How the JSDayES 2020 talks have been chosen!
The organization team of the JSDayEs is almost new this year.
The team is formed by 6 people, being four of them new in this edition (and the other two, coming from previous ones).
We've received 105 talks, of which:
- Only 16% were sent by women; 67% of the talks were sent by men and the 17% didn't inform about the gender.
- Topics were very different: architecture, frameworks, testing, VanillaJS, inspirationals, machine learning, accessibility, discussion table, IoT, infographic, animations, CSS...
- 34% of the speakers are known in the community and 68% of them are partially known or totally unknown.
- For the 50% of the speakers it will be their first experience as speaker in the JSDayES.
As our goal was to have very different kind of talks for this 2020 edition, we used different criteria to select them.
We used 5 types voting criteria:
- By author: who is the person that sent the talk? Is he/she known in the community?
- By experience: does he/she have enough professional experience?
- By topic: what is the talk about?
- By diversity.
- Random: Own criteria of the member of the organization team.
In each column, we could vote 31 points at maximum, assigned to 5 talks with 3 points, 5 talks with 2 points and 6 talks with 1 point.
Only the random voting criteria gave us the liberty to vote on our own. The rest of the criterias forced us to distribute votes depending on known speakers, unknown speakers, with experience, without experience, between men and women, etc.
When we finished the votation, we chose the 4 most voted talks of each column and also those with the maximum number of total votes according to 5 voting criterias.
There were 21 talks because in case of a tie, we had to put all those with the same score.
We made a filter: talks with the same speaker, same topic, etc removing the talk with the lowest number of votes.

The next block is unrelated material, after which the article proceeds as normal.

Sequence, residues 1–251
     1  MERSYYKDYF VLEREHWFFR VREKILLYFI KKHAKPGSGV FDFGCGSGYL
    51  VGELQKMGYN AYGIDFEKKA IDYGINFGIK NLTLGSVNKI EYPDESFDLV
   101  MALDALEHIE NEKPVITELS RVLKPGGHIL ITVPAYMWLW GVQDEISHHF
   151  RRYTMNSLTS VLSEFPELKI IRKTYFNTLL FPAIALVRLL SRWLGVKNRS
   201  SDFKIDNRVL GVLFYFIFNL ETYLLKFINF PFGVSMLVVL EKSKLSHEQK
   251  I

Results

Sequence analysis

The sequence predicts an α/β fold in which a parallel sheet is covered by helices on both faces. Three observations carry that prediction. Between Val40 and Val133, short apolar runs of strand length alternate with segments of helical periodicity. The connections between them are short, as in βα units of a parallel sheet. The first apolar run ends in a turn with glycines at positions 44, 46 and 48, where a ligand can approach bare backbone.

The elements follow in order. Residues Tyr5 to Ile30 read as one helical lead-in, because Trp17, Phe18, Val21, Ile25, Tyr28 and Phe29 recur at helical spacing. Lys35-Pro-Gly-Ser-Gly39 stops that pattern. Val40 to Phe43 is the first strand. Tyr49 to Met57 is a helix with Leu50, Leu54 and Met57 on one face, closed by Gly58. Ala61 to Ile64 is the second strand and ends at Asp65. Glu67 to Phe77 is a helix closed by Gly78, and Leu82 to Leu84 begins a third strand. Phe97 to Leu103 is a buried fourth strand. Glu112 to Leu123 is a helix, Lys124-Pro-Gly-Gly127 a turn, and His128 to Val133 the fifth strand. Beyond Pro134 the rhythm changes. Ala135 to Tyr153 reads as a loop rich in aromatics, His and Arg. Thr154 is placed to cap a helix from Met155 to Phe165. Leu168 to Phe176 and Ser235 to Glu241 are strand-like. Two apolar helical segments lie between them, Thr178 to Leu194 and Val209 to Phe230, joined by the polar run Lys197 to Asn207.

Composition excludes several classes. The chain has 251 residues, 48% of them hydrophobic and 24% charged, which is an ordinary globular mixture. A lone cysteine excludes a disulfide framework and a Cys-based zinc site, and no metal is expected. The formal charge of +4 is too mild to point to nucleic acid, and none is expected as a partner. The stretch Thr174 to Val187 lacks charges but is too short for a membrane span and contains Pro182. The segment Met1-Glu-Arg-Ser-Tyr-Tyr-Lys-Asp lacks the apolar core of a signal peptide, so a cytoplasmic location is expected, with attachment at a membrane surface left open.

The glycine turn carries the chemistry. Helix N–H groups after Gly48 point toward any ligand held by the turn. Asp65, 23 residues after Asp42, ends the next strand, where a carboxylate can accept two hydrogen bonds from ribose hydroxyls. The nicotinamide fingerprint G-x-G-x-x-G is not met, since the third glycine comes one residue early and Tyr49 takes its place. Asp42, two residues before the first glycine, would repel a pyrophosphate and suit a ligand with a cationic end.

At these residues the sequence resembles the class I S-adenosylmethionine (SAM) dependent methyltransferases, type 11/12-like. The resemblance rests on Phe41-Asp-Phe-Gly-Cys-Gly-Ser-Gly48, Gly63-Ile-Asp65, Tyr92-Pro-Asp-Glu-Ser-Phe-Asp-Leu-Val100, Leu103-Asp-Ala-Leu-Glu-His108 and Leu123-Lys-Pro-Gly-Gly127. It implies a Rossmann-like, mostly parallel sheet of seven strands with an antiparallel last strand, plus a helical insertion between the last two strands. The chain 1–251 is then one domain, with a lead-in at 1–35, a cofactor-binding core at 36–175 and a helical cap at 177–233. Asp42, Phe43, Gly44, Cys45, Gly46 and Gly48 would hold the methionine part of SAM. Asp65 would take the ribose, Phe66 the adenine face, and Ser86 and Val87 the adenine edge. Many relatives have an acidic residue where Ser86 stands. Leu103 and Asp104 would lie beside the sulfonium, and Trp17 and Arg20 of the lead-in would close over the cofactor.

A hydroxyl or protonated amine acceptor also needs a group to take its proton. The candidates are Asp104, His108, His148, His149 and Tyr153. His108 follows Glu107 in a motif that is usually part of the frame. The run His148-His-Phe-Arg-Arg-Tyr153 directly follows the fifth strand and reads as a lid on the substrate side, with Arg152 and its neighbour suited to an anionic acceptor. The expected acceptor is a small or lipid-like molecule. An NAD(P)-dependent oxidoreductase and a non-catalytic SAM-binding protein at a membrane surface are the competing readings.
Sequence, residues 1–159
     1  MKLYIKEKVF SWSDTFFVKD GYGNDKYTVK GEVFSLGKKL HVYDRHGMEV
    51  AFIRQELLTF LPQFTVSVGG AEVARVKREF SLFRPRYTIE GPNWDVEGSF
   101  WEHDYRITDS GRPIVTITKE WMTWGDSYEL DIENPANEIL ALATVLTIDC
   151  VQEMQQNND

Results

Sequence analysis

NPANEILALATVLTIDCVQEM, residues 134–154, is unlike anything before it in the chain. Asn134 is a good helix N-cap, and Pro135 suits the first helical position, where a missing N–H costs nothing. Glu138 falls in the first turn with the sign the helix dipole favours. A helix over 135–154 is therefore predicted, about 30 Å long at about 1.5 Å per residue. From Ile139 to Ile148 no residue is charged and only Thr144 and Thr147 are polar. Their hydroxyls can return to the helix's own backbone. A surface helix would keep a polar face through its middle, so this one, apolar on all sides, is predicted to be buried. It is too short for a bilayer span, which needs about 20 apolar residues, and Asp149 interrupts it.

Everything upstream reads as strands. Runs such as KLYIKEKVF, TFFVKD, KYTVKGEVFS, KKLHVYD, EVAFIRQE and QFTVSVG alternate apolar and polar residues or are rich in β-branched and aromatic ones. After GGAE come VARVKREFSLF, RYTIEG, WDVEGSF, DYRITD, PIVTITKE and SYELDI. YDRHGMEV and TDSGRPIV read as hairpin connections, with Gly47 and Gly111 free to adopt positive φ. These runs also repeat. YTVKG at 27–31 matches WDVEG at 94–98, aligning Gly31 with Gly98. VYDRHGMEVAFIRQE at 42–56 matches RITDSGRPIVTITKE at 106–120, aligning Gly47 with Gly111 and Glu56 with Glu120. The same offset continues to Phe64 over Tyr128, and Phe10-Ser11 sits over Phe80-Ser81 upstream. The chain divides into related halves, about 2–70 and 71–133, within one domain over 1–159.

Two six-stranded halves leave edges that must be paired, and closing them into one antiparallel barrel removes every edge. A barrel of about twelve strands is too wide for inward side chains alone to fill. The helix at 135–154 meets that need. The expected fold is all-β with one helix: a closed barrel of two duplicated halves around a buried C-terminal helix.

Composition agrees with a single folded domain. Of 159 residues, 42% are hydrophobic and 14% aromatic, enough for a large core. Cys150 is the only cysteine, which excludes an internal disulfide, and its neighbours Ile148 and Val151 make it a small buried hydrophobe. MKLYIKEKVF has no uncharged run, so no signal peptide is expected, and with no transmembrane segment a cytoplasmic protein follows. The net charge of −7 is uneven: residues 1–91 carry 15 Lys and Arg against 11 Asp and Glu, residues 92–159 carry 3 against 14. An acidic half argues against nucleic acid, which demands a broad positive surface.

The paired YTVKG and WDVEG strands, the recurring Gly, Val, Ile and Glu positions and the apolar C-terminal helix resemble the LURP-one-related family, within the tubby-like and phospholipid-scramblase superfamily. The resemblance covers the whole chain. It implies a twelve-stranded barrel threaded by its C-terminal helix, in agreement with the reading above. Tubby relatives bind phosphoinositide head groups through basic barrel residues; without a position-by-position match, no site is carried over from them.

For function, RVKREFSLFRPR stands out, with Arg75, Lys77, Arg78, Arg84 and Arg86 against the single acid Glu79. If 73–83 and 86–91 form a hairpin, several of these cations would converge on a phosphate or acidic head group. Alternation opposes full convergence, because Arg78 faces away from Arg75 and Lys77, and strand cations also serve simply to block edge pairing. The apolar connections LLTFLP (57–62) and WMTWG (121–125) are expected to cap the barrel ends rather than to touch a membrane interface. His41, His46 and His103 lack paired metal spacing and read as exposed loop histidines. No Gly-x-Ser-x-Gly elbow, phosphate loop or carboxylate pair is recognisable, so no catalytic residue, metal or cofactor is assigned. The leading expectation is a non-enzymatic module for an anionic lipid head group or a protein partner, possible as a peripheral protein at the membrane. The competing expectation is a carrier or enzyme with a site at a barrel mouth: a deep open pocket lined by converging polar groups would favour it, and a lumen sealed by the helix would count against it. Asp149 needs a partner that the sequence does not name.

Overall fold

After all, we have 16 talks: 14 of them will be part of the schedule and 2 as backup. Only one speaker was also speaker in the past edition. Depending on received confirmations, we may need to use discarded talks.
The result of using this voting criteria is:
- 50% of the talks will be given by women and 50% of the talks will be given by men, although there will be a discussion table formed by women that will increase the women percentage.
- There are two talks given by couples: one man - man and the other man - woman (UPDATE: the talk with two speakers man - woman will be finally only man because she won't be able to attend).
- There will be 1 talk about accessibility, 2 about testing, 2 about Progressive Web Apps, 2 inspirational talks, 2 about Web Components, 1 about APIs, 1 about FullStack, 1 about Frameworks, 1 about Tooling, 1 about Machine Learning, 1 about VanillaJS and 1 discussion table.
- 3 of the speakers never have been before in a conference like this, as speaker.
And from the organization we are aware of:
- We have discarded talks sent by great developers, known and unknown.
- Despite having 4 men's talks for every woman's talk, it is necessary for the sector that 50% of these are women's.
- We can't choose all the talks.
- There is no 100% fair voting criteria nor valid and liked for all the people.
We are convinced that with the diversity of gender and topics, and the opportunity for new speakers, a good event will come out, but it will be the attendees who will judge if we made a good selection.